For example, some research suggests that although regular vitamin C intake likely won’t prevent you from catching a cold, it may reduce the duration or severity of cold symptoms.
A review of 31 studies found that consuming 1–2 grams of vitamin C daily reduced cold duration by 18% in children and 8% in adults.
In addition, it’s known that vitamin C increases iron absorption. Thus, individuals with iron deficiency might benefit from increasing their vitamin C intake.
Summary: Regularly getting 1–2 grams of vitamin C daily may reduce the duration of common cold symptoms and boost your immune system. It might also help prevent iron deficiency anemia.
Best food sources of vitamin C
Typically, the best sources of vitamin C are fruits and vegetables.
It’s important to note that vitamin C in food is easily destroyed by heat, but since many good nutrient sources are fruits and vegetables, eating some of those raw foods is an easy way to reach the recommended intake.
For example, a 1/2-cup (75-gram) serving of raw red pepper provides 158% of the recommended dietary allowance set by the IOM.
The table below displays the vitamin C content and contribution to the recommended daily value for some of the best food sources of the nutrient.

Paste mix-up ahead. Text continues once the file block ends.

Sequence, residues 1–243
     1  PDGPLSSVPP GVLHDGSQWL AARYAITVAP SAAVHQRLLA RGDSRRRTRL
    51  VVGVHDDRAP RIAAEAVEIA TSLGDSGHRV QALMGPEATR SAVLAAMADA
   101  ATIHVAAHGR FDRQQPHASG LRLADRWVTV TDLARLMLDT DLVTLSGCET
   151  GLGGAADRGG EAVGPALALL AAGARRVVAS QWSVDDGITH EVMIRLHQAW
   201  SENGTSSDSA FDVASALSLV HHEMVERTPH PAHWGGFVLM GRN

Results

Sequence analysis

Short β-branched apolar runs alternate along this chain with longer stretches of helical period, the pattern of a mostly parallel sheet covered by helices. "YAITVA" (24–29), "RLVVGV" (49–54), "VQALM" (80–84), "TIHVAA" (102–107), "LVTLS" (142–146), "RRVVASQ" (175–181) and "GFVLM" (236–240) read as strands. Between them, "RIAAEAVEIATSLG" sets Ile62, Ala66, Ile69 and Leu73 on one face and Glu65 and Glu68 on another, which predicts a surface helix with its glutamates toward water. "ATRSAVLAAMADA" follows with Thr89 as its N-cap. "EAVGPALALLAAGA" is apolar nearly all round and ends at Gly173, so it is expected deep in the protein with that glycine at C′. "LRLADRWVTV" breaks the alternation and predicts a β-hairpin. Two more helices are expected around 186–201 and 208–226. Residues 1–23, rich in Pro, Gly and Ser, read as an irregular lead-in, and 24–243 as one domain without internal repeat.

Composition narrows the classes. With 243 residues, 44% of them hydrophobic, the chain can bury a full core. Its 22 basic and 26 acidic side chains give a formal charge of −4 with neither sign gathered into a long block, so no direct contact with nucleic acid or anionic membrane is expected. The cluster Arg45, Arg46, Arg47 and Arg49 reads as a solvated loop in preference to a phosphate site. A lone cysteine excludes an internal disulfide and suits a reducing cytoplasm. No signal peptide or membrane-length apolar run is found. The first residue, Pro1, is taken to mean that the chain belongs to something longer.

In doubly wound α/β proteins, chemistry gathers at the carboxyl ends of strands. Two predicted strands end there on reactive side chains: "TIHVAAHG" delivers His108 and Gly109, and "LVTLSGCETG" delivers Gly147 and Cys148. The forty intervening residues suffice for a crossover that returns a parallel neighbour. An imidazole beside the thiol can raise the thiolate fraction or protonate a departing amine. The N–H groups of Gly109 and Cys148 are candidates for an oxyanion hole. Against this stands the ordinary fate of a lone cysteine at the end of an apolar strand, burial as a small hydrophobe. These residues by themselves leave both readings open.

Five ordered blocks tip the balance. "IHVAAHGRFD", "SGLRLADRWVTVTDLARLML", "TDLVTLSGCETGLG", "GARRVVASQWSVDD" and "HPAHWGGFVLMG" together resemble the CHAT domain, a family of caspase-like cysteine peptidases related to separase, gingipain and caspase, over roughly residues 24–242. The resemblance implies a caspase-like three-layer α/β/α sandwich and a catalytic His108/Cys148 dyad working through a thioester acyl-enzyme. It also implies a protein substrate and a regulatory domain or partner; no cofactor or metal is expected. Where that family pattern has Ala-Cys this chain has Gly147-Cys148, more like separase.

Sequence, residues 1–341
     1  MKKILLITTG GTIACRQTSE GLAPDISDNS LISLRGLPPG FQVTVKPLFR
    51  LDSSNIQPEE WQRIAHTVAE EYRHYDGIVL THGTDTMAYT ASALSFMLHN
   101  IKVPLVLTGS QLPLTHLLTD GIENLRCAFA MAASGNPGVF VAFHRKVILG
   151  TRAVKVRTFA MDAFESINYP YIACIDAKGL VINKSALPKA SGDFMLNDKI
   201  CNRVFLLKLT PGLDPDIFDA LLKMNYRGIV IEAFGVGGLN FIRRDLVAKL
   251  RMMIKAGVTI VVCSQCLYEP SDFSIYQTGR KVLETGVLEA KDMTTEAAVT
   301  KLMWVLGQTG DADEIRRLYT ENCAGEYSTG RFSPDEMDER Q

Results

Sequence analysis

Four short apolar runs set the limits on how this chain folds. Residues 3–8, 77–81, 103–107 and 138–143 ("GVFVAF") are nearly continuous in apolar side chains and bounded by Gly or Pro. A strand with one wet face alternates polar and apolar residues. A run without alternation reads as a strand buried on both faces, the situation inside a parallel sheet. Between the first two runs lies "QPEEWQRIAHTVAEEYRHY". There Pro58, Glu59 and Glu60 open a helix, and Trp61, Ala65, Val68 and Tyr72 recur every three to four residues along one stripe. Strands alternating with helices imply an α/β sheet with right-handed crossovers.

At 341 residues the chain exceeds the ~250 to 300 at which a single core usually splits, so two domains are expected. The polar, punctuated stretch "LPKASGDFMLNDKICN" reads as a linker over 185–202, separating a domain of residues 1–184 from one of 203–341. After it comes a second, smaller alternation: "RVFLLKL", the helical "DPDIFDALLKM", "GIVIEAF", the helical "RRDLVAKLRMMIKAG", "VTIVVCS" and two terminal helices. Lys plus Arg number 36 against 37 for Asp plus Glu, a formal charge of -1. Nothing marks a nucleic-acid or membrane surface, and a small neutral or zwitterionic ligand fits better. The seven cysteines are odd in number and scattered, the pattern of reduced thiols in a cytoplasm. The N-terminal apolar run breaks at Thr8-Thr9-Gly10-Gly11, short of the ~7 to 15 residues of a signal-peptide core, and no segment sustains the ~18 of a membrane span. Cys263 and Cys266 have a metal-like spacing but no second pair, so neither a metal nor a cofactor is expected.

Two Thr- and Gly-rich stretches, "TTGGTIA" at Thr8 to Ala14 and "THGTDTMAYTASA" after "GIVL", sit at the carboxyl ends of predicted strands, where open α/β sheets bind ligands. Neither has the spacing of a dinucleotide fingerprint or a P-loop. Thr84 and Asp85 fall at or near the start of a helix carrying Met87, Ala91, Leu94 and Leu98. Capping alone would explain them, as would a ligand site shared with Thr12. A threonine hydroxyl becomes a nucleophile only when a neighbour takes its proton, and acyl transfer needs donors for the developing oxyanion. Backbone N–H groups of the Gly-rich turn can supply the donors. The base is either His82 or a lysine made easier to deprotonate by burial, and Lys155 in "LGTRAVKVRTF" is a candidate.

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This table is based on the current 60-mg recommendation, but since any food providing 20% or more of the daily value for vitamin C is considered a high source, many of these foods will still be great sources after the daily value recommendation was changed to 90 mg in January 2020.
Great food sources of vitamin C include:
- Red pepper, 1/2 cup (75 grams): 95 mg (158% of the daily value)
- Orange juice, 3/4 cup (177 ml): 93 mg (155% of the daily value)
- Kiwifruit, 1/2 cup (90 grams): 64 mg (107% of the daily value)
- Green pepper, 1/2 cup (75 grams): 60 mg (100% of the daily value)
- Broccoli, cooked, 1/2 cup (78 grams): 51 mg (85% of the daily value)
- Strawberries, fresh, 1/2 cup (72 grams): 49 mg (82% of the daily value)
- Brussels sprouts, cooked, 1/2 cup (81 grams): 48 mg (80% of the daily value)
Summary: The best food sources of vitamin C are fruits and vegetables. The nutrient is easily destroyed by heat, so consuming these foods raw might maximize your nutrient intake.
Best vitamin C supplements
When looking for a vitamin C supplement, you might see the nutrient in a couple of different forms: